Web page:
I was reminded recently of the Five Rules of Customer Service:

  1. Listen
  2. Apologize as needed
  3. Offer remedy
  4. Follow through
  5. Thank the customer.

Unfortunately, my wife sent me the list because a bank I have to deal with violated every item on the list. My desire for competent assistance got me labeled by one of their officers as “demanding” and “negative.” Never once have I received an apology for their myriad mistakes and the misery they have caused me. In order to get anything done, I had to be persistent. No one has ever said a word of thanks for my putting up with their less-than-stellar service.

When you think about it, the Five Rules apply to more than business. They are really just good practices for human interaction, the sort of thing we learn or should learn growing up: regard others as important (listen); admit you’re not perfect and can hurt someone’s feelings (apologize); offer restitution, make it right (offer remedy); keep your promises (follow through); and be grateful (say “thank you”).

If we did these five simple things, every day, by habit, with everyone, how different would our lives be? What conflicts would be prevented or resolved?

Maybe instead of arguing over hot button issues or esoteric doctrines, the church, which is to be the demonstration of what God intends for all humanity, could lead the way in living and teaching the Five Rules. Maybe they really just boil down to one Rule, which we traditionally have called “Golden”: “Do to others as you would have them do to you” (Luke 6:31).

© 2013 Tom Cheatham. All rights reserved.

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The past couple of weeks Susan and I have experienced exemplary customer service as well as rudeness, carelessness, and apathy from businesses. All of it was memorable.

There was the fast food restaurant that slathered mayo on our to-go burgers despite our request that the condiment be left off. Or the lady at the cable company who was curt, then hung up on me after I suggested that they might want to update their website, which had confused me by advertising an outdated price.

But the poor service that takes the cake was received on a recent trip to Alabama. We stopped for gas at a convenience store selling a national brand. Once my credit card was approved, I expected fuel to flow, but nothing happened. I went inside to ask what was going on, and another guy and I were told they were out of regular. Their solution? “Buy another grade.” Wrong answer! What they should have done was put makeshift “out of regular” signs on the pumps, and everyone would have been saved a good deal of inconvenience. But the clerks were too lazy and inattentive to check their supply and/or to think of their customers. We left and went elsewhere to fill up. That place, selling the same brand, not only had regular, but at a lower price.

Contrast these experiences with the fine attention we received on other occasions. At an ice cream shop, we ordered our scoops and took them to the register, where we presented some gift certificates. Our purchase was less than they totaled, and the clerk couldn’t give us change from them. But she wanted us to be satisfied and feel we had been treated well. So she arranged for us to get a kid’s scoop on each of our cups, bringing our total to the amount on the certificates.

I called my cable company (the same one that later treated me badly) and arranged for faster Internet speeds at a lower price. I was promised that the change would be made in 15 minutes. When a test showed that had not been done, I called back. The rep who answered stayed on the line until she got the problem solved and temporarily gave me greater upload speed than I had ordered “because we caused you inconvenience.”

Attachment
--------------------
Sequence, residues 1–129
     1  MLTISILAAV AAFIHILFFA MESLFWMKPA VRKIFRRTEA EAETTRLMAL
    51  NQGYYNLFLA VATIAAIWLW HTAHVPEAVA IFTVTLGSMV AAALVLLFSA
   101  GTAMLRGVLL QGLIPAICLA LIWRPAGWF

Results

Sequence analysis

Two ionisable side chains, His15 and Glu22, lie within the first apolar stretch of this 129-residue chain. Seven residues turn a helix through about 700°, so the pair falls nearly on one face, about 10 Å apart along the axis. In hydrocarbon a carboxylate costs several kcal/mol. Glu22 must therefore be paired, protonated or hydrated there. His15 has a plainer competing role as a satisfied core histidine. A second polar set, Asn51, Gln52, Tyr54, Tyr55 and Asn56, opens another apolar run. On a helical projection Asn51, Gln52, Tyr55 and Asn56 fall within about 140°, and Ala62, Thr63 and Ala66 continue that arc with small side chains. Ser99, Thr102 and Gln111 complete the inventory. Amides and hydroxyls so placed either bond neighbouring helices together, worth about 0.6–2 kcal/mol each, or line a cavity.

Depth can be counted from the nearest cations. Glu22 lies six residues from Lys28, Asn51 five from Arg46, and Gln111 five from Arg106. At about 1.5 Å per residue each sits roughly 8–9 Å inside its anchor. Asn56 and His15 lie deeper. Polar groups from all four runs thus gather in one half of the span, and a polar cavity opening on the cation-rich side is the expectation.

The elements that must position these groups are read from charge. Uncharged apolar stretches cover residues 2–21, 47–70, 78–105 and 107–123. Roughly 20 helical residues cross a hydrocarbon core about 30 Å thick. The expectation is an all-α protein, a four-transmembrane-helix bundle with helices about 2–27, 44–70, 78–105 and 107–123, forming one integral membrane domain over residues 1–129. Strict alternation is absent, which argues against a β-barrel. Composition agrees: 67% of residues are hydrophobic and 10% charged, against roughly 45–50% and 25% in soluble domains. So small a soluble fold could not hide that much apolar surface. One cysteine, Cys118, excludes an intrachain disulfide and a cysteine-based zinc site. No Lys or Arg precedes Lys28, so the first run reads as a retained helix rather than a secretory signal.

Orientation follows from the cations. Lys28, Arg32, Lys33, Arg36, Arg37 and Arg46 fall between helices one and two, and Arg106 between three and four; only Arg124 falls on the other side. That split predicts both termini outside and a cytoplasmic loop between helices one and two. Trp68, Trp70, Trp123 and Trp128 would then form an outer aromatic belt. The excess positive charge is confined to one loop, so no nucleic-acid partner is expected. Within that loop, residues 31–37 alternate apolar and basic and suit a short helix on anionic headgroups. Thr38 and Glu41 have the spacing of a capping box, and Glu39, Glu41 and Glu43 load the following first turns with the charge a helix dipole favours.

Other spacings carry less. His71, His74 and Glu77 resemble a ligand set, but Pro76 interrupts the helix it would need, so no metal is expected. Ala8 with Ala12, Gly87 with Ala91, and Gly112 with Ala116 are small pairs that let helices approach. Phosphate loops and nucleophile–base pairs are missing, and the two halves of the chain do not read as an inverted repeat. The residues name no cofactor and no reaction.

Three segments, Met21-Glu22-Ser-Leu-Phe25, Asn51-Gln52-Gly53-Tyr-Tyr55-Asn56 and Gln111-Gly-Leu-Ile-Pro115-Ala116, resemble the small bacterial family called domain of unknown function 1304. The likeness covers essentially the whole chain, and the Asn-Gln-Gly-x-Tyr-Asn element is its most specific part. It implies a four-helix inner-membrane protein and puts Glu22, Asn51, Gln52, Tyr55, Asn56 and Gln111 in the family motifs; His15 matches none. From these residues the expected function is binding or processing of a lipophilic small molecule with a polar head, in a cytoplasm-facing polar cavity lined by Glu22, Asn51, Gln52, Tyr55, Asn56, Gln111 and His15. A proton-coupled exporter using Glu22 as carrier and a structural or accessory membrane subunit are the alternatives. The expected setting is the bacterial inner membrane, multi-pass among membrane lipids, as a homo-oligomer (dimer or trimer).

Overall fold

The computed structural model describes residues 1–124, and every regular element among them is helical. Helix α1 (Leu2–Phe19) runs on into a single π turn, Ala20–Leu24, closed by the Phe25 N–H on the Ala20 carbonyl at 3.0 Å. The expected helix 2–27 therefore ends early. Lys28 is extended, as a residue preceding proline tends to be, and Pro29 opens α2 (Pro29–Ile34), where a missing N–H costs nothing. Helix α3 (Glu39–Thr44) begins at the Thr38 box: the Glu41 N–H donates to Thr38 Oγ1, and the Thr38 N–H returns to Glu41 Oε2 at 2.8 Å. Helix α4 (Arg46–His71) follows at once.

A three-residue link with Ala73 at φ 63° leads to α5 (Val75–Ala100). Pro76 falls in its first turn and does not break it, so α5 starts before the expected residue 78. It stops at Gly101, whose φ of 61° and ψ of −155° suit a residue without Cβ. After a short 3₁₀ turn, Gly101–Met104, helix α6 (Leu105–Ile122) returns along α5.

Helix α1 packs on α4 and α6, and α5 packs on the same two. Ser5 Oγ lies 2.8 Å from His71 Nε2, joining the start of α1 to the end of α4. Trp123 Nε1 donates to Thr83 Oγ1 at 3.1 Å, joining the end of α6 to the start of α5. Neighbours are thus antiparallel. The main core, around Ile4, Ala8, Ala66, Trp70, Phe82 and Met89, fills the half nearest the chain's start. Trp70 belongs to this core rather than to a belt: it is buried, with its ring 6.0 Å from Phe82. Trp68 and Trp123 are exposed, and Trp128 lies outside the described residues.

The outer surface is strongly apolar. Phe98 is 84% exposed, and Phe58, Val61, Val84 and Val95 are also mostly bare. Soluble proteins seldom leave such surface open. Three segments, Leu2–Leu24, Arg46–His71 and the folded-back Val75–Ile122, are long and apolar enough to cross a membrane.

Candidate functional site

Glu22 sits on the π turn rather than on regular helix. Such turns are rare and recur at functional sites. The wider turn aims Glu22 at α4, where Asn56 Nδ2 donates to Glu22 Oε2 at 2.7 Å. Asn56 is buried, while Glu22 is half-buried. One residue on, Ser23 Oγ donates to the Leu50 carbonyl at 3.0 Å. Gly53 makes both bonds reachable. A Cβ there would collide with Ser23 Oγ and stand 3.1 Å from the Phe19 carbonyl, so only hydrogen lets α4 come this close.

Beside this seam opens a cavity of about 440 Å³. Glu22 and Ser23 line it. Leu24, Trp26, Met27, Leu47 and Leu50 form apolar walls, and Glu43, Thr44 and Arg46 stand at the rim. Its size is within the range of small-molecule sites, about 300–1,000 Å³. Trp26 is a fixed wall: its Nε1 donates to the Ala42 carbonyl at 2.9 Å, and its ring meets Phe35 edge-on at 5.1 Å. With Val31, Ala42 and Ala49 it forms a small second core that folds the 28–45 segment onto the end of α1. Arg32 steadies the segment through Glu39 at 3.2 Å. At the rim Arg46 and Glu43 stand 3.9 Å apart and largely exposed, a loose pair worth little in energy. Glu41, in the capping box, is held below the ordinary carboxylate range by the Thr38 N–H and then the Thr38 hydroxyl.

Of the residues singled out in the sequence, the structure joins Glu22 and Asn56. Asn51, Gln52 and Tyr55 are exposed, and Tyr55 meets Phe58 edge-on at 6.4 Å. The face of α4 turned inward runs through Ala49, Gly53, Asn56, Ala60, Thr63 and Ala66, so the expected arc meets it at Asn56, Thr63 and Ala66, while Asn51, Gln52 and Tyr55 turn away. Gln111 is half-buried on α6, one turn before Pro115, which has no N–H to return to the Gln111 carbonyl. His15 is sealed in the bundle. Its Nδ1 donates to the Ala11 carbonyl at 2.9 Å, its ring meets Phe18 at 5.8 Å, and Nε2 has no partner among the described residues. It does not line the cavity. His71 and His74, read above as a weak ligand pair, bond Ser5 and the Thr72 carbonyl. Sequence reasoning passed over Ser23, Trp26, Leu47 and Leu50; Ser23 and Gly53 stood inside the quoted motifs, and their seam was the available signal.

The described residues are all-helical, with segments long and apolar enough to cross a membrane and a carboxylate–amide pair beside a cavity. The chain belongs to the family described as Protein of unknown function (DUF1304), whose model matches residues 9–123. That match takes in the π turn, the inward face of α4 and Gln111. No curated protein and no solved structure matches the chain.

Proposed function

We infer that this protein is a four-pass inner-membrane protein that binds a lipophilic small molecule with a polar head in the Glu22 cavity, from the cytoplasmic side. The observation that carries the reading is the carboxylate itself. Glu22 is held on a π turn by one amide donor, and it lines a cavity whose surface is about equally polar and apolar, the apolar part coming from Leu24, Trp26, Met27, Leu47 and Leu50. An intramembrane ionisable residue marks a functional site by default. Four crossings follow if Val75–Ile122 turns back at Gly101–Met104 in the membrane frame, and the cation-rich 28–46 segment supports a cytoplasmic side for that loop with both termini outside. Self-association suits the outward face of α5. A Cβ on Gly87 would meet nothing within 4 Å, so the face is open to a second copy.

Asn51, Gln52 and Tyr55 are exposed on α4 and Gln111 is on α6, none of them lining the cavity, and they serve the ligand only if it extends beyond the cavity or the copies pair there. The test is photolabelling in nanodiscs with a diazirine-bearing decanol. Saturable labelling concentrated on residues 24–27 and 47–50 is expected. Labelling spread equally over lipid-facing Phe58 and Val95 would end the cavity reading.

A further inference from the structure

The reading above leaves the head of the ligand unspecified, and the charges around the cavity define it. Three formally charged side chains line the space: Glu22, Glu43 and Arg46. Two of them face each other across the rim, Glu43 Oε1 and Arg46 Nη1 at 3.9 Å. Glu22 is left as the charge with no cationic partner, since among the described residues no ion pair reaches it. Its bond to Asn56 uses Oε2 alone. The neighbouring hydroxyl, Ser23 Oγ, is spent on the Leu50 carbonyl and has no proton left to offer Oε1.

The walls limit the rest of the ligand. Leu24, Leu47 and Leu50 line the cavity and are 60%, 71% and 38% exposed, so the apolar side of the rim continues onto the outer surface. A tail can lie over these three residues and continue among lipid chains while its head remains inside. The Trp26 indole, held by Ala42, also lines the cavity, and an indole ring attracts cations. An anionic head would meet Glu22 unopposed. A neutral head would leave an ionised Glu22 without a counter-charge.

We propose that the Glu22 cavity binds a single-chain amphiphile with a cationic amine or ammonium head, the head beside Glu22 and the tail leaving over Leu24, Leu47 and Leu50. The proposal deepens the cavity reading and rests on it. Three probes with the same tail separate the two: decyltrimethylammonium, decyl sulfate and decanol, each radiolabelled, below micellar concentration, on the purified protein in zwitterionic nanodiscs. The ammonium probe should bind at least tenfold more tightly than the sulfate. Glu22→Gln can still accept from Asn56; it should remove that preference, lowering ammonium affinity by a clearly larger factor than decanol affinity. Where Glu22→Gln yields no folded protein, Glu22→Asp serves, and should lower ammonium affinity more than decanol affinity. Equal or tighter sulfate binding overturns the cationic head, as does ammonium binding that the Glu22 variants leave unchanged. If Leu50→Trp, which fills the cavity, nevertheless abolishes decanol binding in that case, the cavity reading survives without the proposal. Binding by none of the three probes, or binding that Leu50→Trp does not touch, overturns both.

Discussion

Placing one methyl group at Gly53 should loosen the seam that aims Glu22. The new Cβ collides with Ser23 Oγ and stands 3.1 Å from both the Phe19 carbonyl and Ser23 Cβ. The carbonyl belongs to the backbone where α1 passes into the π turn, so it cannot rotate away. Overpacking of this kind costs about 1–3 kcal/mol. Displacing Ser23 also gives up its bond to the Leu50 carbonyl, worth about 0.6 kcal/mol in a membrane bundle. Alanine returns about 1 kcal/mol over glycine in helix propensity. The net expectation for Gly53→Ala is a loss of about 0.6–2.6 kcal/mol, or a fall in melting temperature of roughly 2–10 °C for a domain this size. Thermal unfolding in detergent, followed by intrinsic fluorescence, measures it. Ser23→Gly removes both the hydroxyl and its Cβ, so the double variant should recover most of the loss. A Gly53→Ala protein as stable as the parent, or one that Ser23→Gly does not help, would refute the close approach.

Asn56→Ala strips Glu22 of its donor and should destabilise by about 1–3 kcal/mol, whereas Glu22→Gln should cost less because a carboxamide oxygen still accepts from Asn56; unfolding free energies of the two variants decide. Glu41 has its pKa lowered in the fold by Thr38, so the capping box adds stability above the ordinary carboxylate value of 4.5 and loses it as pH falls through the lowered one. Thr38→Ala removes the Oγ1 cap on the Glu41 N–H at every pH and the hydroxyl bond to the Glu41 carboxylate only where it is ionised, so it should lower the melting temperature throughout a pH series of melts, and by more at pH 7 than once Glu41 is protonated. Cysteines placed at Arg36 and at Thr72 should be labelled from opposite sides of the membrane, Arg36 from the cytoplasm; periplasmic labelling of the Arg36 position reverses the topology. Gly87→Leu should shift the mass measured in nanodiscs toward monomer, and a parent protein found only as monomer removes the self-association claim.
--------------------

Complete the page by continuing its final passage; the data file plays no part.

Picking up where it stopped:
Both the clerk at the ice cream shop and the customer service rep at the cable company added value to the experience. We got good ice cream, but we also felt cared for. My download speed increased five-fold, but I also knew my needs and time were important. The solutions were imaginative, and the people at the point of sale took responsibility for our satisfaction. Contrast that with the carelessness of the kitchen at the fast food restaurant which did not honor a special order or the “my way or the highway” attitude of the clerks at the out-of-gas store.

Churches can learn from these good and bad business practices as they greet visitors, whether the first-time guest in worship or the transient needing assistance. Every church member, not just officers and pastors, would do well to remember four words: “It’s up to me.” By our attitude, our commitment to care, our interest, you and I communicate volumes about our faith, our denomination, our congregation, more than than all our websites, mission statements, and brochures.

Another lesson is to add value whenever we can. Be imaginative and creative. Take that dull as dust worship service and seek to make it an experience of God. Send the visitor away with some special gift and follow up soon with an email or call. Really care for people for themselves, not as potential giving units. Listen to their questions, discern their needs, and minister accordingly. Don’t answer questions nobody is asking.

Church consultant Tom Ehrich, one of my favorite writers, says this: “If I want to convey value, I need to give value. If a church wants to develop a positive brand, it needs to do positive things (“On a Journey,” July 10, 2009). He goes on: “Faith, like the marketplace, happens in small decisions made by individuals. The sooner churches figure that out, the sooner they will emerge from their doldrums and begin to serve confidently and effectively (“On a Journey,” July 11, 2009). (For more Tom Ehrich, especially his “best practices” and “seven key factors” for churches, visit www.churchwellness.com).

So, the question is: are we out of gas or adding value?

© 2009 Tom Cheatham